DA slams land expropriation without compensation proposal

The Democratic Alliance has shunned a motion by the Economic Freedom Fighters that proposes Parliament should begin the process of legislating land expropriation without compensation, saying it “undermines” property rights in South Africa.

DA MP Thandeka Mbabama was heckled by EFF and the ANC MPs after she argued against the land reform draft resolution that was tabled in Parliament by the EFF.

Mbabama was responding to the EFF’s proposal in a debate of the motion inside the National Assembly on Tuesday.

“Fellow countrymen, land expropriation without compensation cannot be the solution,” she said.

She acknowledged that black people were “brutally taken from their land” and that the “wounds still run deep”, but said that changing Section 25 of the Constitution would harm South Africa instead of improving the situation of landless people.

Section 25 of the Constitution focuses on property rights in the country, and states that government can only expropriate land if it provides compensation. Mbabama said that should this section of the Constitution be amended, then property rights would be “undermined”.

She also criticised the ANC – who sat to her right, taunting her arguments – for agreeing to land expropriation without compensation, saying the party was attempting to draw attention away from its own errors.

“Only a few months ago members of the right side of the house fully agreed with [our position] … today they have backtracked. What has changed?” she said.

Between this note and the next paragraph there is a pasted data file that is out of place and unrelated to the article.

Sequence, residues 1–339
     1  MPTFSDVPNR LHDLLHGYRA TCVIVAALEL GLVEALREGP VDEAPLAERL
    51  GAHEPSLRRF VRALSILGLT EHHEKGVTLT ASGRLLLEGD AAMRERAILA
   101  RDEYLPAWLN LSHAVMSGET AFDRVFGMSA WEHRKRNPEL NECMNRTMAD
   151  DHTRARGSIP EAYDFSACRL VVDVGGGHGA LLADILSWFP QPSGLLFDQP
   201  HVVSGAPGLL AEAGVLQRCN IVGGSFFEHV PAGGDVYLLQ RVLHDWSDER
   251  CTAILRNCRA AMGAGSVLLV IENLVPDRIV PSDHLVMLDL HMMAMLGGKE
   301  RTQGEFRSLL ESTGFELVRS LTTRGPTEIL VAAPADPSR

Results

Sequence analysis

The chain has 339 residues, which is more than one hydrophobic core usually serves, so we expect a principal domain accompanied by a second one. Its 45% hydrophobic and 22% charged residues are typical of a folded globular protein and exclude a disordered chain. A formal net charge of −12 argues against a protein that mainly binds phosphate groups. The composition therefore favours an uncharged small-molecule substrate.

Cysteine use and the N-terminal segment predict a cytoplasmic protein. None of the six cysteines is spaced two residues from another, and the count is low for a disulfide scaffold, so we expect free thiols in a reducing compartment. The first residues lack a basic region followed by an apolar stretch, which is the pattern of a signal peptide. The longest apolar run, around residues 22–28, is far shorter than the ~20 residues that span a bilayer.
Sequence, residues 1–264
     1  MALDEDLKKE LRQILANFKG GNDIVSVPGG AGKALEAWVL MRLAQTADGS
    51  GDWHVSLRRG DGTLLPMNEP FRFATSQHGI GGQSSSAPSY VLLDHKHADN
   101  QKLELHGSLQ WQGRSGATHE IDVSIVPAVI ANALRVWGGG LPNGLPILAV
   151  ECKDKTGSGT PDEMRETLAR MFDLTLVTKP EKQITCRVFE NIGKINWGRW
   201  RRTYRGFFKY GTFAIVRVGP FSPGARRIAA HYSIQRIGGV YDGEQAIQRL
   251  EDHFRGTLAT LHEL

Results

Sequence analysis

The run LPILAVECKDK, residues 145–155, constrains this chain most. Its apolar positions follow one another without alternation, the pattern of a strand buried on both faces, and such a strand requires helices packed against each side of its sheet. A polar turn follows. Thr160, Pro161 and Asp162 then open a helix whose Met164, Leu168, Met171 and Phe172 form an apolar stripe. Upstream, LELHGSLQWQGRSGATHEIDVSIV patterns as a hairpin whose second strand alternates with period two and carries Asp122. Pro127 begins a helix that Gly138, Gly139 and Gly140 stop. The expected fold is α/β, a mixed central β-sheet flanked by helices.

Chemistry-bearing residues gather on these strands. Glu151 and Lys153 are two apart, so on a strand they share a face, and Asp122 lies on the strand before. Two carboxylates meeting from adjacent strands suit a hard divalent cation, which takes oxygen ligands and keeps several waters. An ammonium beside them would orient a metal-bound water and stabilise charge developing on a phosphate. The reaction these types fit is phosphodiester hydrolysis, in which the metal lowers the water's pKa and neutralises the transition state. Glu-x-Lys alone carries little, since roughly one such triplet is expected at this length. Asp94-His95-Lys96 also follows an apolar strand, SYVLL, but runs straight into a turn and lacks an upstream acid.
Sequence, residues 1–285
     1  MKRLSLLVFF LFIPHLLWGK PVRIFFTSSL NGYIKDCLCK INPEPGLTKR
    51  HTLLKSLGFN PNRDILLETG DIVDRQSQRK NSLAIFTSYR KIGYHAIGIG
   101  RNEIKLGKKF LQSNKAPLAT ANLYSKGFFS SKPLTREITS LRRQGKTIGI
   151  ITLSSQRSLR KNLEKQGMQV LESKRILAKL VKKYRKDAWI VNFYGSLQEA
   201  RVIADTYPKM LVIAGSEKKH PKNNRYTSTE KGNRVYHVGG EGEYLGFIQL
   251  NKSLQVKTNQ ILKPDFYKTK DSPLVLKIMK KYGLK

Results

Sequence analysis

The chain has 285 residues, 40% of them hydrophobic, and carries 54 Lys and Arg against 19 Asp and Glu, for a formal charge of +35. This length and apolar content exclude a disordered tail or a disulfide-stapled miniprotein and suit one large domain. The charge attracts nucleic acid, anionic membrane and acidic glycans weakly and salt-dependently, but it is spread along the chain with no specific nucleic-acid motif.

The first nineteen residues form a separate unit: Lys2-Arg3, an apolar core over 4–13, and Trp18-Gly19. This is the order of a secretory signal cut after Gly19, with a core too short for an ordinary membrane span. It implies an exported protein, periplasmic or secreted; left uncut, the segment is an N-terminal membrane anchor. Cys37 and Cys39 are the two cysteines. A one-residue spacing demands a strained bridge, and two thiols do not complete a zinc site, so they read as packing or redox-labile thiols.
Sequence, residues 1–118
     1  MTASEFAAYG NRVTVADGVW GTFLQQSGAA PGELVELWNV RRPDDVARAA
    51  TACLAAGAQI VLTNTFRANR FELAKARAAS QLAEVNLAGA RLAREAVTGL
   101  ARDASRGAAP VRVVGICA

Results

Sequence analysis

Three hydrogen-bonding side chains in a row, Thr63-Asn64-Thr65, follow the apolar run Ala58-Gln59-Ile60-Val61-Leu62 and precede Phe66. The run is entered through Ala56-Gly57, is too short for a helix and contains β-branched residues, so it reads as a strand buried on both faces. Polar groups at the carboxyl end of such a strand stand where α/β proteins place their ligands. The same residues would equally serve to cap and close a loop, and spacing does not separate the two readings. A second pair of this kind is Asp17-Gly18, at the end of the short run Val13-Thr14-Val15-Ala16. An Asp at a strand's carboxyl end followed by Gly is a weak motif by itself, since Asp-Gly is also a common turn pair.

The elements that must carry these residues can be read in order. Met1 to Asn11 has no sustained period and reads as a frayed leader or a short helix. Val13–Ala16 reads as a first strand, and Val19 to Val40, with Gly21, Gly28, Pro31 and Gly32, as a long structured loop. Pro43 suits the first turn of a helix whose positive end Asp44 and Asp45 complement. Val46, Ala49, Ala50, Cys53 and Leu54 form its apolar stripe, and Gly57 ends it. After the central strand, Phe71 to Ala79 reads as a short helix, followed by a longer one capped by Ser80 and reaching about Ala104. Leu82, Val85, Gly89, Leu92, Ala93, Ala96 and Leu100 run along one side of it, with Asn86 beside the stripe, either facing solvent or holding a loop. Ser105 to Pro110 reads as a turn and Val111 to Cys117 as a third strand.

She argued that Section 25 is not hindering land reform in South Africa, but the debate on expropriation without compensation was instead a “way to divert attention from the failures of the ANC in South Africa”.

Mbabama also said that DA initiatives in the Western Cape, where she claims the DA had delivered close to 83 000 title deeds to black farmers since 2009, had provided “dignity” to black farmers.

“Surely this is true economic freedom,” she said, as the EFF jeered her.

Freedom Front Plus leader Pieter Groenewald also slammed the EFF’s proposal, asking: “What do you want with the land?”

Groenewald then went on seemingly to warn: “If you continue with this course, there will be unforeseen consequences …”

So far, the Inkatha Freedom Front and the National Freedom Party have agreed that land should be expropriated without compensation. NFP MP Shaik Emam said that the proposal should be implemented with urgency, saying: “If you buy stolen goods, you are a criminal.”

“What is the delay? Let’s go out there and expropriate,” Emam said.

He went on to refer to fire censure at the DA for their stance on the debate.

“I’m not surprised by my colleagues on the left here, because in a very short time they went from being oppressed to being the oppressors,” he said.

ANC MP Gugile Nkwinti, meanwhile, said that the ruling party would “unequivocally” support the motion, but disagreed with the EFF’s model to implement land expropriation without compensation.

“There’s no doubt about it, land will be expropriated without compensation. The process will be done in a way that improves agriculture and food security,” he said.

The EFF has proposed that Parliament establish an ad hoc committee which will then review and amend section 25 of the Constitution after hearing submissions from members of the public, policy expert, academics and civil society.

EFF leader Julius Malema opened the debate inside the House on Tuesday, delivering a history of how black South Africans were robbed of their land by colonialists such as Jan van Riebeeck.